Hospital admissions- making sure staff know your child and how to complain!

Hospital admissions- making sure staff know your child and how to complain!

Too many people with a learning disability enjoy second rate healthcare and services- in the past many have been let down by the system and the 1000 lives project was established to help avoid any more unnecessary suffering. Health professionals and families have developed better ways of working that all agencies are now expected to adhere to. These aim to ensure that staff and others have a better understanding of an individuals' needs. likes and dislikes and are better equipped to support their recovery.

The Welsh Government have supported NHS trusts across Wales to develop the 1000 Lives  guide that aims to  improve general hospital care of patients who have a learning disability

Amongst the many practical tips within the guidance is the 'Traffic Light' approach. This is a snapshot of simple information that gives a clear picture of what is important to a person. Apart from essential information on health issues and medication the documentation allows you to inform any care provider things that are unique and important to your relative, this can include routines, things that cause distress or anxiety and the best ways to communicate and care for an individual.

  • Things you should know
  • Things You Must Know
  • Things that matter to me

Raising a concern about Health Services

Putting Things Right

The NHS in Wales aims to provide the very best care and treatment and it is important that we welcome comments and learn from people’s experiences, good or bad. The vast majority of people are happy with the service they receive.
 
Sometimes though, things might not go as well as expected. When that happens, we need to look at what went wrong so we can try to make it better. 
This information applies to you if:
  • You are not happy with care or treatment provided by or for the NHS in Wales
  • Or If you have any other concerns you think we should know about.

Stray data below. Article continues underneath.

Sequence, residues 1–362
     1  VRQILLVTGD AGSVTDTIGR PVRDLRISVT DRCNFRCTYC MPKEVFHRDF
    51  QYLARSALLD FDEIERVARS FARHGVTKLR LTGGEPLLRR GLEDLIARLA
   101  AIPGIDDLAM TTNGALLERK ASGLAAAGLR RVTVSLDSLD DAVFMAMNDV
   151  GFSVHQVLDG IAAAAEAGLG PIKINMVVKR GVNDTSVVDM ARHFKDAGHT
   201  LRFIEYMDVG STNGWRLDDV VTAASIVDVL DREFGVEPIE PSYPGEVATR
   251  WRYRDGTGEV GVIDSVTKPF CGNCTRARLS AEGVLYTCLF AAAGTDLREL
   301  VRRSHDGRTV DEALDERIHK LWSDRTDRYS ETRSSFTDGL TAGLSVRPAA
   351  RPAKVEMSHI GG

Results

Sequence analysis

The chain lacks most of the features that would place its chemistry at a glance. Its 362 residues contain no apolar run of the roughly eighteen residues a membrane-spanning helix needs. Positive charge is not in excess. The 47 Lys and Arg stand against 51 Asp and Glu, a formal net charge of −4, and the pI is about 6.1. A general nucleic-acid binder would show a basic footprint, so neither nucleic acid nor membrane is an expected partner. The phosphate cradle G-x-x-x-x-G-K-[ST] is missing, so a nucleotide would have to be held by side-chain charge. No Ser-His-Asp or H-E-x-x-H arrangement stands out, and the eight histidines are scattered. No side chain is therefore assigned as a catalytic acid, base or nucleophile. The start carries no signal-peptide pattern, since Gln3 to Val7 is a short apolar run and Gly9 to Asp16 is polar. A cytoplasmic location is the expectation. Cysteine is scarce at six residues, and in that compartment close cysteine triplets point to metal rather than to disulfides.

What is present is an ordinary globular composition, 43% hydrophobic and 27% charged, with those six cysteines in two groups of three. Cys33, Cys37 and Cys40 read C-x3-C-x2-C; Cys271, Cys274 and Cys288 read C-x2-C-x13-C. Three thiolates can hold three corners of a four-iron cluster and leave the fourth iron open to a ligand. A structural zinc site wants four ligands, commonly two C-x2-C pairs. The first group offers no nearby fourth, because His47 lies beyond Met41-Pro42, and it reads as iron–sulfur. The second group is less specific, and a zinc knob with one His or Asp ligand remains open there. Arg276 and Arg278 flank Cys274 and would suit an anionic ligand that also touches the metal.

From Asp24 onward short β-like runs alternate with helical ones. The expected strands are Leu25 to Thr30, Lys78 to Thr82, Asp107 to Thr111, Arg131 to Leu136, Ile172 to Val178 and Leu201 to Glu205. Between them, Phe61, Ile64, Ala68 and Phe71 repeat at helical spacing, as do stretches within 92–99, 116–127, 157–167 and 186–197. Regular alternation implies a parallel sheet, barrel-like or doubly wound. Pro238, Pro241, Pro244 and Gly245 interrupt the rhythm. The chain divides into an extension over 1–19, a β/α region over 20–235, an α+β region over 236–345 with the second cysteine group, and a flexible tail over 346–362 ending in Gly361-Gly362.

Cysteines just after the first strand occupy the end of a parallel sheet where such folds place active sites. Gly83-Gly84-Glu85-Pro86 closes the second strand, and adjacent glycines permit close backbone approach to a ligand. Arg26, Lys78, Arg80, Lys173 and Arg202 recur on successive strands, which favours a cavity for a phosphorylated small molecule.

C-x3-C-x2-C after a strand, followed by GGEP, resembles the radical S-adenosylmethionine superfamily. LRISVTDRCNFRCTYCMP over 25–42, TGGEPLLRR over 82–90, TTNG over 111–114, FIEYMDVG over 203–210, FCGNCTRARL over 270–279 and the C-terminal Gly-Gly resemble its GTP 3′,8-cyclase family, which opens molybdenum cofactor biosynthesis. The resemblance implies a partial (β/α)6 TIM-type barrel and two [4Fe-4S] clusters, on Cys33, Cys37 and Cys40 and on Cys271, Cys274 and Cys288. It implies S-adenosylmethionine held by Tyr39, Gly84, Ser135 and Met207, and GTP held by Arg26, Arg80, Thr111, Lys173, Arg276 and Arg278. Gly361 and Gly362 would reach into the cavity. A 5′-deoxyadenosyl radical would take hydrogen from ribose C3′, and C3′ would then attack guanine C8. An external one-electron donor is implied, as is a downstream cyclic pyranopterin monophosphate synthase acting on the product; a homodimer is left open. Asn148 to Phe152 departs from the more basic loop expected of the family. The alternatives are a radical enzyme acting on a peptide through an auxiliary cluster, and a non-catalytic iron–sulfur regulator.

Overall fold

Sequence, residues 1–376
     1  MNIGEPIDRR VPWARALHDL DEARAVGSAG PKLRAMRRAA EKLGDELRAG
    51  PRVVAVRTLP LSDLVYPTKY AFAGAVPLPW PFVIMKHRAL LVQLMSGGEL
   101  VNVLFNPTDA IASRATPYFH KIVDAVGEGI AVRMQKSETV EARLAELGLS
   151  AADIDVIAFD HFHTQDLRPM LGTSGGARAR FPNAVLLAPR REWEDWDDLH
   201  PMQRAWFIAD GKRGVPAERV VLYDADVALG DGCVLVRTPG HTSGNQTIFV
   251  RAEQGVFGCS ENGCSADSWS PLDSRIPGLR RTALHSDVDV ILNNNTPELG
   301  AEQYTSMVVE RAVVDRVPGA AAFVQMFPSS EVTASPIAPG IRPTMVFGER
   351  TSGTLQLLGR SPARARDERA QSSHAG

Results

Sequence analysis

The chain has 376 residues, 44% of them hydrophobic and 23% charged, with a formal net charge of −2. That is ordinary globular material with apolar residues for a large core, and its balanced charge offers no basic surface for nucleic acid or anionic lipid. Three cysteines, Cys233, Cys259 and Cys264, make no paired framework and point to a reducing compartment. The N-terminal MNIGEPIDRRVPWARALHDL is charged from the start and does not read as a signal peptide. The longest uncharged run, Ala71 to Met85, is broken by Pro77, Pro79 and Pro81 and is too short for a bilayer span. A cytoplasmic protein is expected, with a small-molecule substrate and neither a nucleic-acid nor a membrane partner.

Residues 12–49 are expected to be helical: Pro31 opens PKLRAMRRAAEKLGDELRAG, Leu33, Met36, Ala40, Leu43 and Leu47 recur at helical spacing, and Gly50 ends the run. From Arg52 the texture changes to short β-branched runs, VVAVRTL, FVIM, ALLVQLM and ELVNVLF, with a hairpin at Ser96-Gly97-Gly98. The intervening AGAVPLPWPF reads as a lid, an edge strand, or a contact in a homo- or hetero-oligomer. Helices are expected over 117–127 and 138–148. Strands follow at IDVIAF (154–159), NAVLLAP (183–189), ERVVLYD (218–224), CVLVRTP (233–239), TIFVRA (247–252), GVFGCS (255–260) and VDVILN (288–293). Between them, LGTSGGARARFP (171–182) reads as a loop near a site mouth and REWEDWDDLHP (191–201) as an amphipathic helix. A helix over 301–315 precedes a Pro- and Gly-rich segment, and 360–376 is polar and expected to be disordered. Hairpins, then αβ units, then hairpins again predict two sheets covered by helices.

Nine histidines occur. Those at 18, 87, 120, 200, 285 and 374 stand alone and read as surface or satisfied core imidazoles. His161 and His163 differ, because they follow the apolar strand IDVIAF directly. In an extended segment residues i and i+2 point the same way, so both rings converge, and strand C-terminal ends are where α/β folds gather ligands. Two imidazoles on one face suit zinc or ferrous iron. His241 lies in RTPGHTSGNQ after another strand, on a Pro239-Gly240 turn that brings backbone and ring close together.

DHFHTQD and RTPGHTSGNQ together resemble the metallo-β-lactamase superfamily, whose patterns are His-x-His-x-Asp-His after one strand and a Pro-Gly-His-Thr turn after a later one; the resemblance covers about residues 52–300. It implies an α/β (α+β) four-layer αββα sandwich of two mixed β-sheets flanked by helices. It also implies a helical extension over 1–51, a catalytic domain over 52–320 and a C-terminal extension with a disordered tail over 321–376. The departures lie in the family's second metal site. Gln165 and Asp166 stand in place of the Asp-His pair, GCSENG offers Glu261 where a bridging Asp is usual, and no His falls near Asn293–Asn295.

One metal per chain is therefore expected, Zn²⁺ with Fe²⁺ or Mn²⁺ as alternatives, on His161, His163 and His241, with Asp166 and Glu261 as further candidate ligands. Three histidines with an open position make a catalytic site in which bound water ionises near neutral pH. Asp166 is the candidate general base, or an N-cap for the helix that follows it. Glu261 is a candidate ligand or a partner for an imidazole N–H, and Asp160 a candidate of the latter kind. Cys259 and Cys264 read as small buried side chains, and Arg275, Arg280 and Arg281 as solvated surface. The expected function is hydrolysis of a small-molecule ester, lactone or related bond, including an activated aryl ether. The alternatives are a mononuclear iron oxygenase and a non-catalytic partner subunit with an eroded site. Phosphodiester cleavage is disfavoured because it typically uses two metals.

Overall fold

It tells you about the arrangements that will be in place from 1 April 2011 for looking into concerns.

 

What is a concern?

A concern is when you feel unhappy about any service provided by the NHS. By telling us about your concern, we can apologise to you, investigate and try to put things right. We will also learn lessons and improve services where they need to be better.

There are some things that we cannot deal with under the arrangements, such as:

  • Private healthcare or treatment (including private dental treatment)
  • A complaint which was made and investigated under the arrangements that were in place before 1 April 2011.

  

Who should I talk to about my concern?

If you feel able to do so, the best place to start is by talking to the staff who were involved with your care and treatment. They can try to sort out your concern immediately. If this doesn’t help or if you do not want to speak to staff who provided the service, then you can contact a member of the concerns team. 

For concerns about health services, you will need to contact your Local Health Board or the relevant NHS Trust.

If you have a concern about services that you have received from your General Practitioner (GP), Dentist, Pharmacist or Optician you should normally ask the practice to look into it for you, but if you prefer, you can ask your Local Health Board to do so.

You can contact the concerns team by:

  • Phoning
  • Emailing
  • Writing a letter
  • Faxing
  • Texting

If you need help to tell us about your concern, please let us know, or contact your local Community Health Council (CHC). Your local CHC provides a free and independent advocacy service, which is able to help patients or the people acting for them to raise a concern. The CHC will offer advice and support, including putting you in touch 
with specialist advocacy services if you need them. Your local CHC can be found below:

  

Who can raise a concern?

If this is something that has happened to you, you can raise the concern yourself. If you prefer, a carer, friend, relative or your local CHC can represent you, but you will be asked to agree to this.